9. There's a new Vampire: the Masquerade card game (not VTES) hitting Kickstarter tomorrow, but the card designs are pretty vom. ... like, it's sort of like an unironic throwback to 90's card design. Such a mess.
  10. Lying Cat

    Fall Guys

    I think my biggest problem with the Gordon outfit is that his mouth makes him look like a vampire.
  11. Those are some particularly lovely minis.
  12. I honestly think that the 144fps mark is where diminishing returns begin to set in for most people. There will of course be people who can resolve stuff much higher, and others who stop seeing it much lower. Personally, I struggle to really see more frames past 100. But the problem is that 144hz monitors are pretty ubiquitous and affordable these days, and I have a suspicion that it's harder to get people to upgrade their monitor than it is any other part of their computer - so you need to keep pushing the numbers up to make the case for a sale. 360hz is ludicrous though. That's getting into jet fighter pilot levels.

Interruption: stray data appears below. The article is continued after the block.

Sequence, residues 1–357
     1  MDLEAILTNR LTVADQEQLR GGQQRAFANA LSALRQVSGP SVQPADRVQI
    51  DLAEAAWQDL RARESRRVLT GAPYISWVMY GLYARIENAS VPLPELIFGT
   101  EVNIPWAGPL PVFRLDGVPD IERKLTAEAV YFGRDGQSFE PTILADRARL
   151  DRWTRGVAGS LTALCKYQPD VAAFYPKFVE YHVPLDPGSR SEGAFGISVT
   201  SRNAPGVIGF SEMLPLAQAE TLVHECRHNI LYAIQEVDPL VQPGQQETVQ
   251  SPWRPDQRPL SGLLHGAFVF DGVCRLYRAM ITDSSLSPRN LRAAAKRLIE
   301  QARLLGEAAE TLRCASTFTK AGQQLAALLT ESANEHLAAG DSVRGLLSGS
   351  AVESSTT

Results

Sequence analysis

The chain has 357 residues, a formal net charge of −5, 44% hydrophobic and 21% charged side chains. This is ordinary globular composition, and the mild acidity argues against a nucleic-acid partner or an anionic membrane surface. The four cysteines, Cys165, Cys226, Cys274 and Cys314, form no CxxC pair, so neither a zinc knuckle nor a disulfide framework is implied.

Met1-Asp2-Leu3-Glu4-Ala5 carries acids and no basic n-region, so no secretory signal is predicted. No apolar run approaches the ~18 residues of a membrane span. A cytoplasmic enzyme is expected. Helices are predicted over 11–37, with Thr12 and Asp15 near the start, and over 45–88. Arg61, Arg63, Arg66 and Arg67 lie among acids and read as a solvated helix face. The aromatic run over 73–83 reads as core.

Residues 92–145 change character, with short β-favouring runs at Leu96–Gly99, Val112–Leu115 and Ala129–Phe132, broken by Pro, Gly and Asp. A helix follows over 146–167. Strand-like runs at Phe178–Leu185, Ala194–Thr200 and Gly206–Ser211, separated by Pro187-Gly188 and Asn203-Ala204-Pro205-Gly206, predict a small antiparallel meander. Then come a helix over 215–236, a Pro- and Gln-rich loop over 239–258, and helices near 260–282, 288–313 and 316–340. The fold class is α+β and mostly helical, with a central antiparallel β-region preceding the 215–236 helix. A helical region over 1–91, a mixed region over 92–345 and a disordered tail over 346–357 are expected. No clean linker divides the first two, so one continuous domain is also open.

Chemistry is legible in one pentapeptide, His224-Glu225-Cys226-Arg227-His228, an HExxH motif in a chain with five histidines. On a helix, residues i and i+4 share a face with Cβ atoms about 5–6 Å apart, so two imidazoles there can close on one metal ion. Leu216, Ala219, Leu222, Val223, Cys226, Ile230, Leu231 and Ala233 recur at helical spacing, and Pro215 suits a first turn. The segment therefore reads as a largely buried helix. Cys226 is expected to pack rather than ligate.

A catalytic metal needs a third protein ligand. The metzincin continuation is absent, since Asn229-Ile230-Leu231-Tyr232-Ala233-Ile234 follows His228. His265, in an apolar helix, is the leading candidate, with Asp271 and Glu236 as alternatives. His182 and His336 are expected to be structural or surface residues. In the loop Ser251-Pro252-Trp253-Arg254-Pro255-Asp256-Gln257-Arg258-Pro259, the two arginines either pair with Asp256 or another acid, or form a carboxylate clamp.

13. No, not lying I'm afraid. It was a good TV series for sure - definitely not bad or anything.